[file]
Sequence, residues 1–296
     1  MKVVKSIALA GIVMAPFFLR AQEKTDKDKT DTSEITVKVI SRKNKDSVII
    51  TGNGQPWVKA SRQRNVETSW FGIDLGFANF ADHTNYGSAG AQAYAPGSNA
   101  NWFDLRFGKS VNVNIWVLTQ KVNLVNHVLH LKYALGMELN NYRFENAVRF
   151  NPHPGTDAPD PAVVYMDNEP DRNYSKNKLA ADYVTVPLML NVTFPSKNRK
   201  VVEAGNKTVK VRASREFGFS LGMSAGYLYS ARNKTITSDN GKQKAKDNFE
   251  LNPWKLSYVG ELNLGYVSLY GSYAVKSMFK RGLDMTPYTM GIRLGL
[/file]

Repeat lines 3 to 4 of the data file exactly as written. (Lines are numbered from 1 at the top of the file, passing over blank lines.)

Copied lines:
    51  TGNGQPWVKA SRQRNVETSW FGIDLGFANF ADHTNYGSAG AQAYAPGSNA
   101  NWFDLRFGKS VNVNIWVLTQ KVNLVNHVLH LKYALGMELN NYRFENAVRF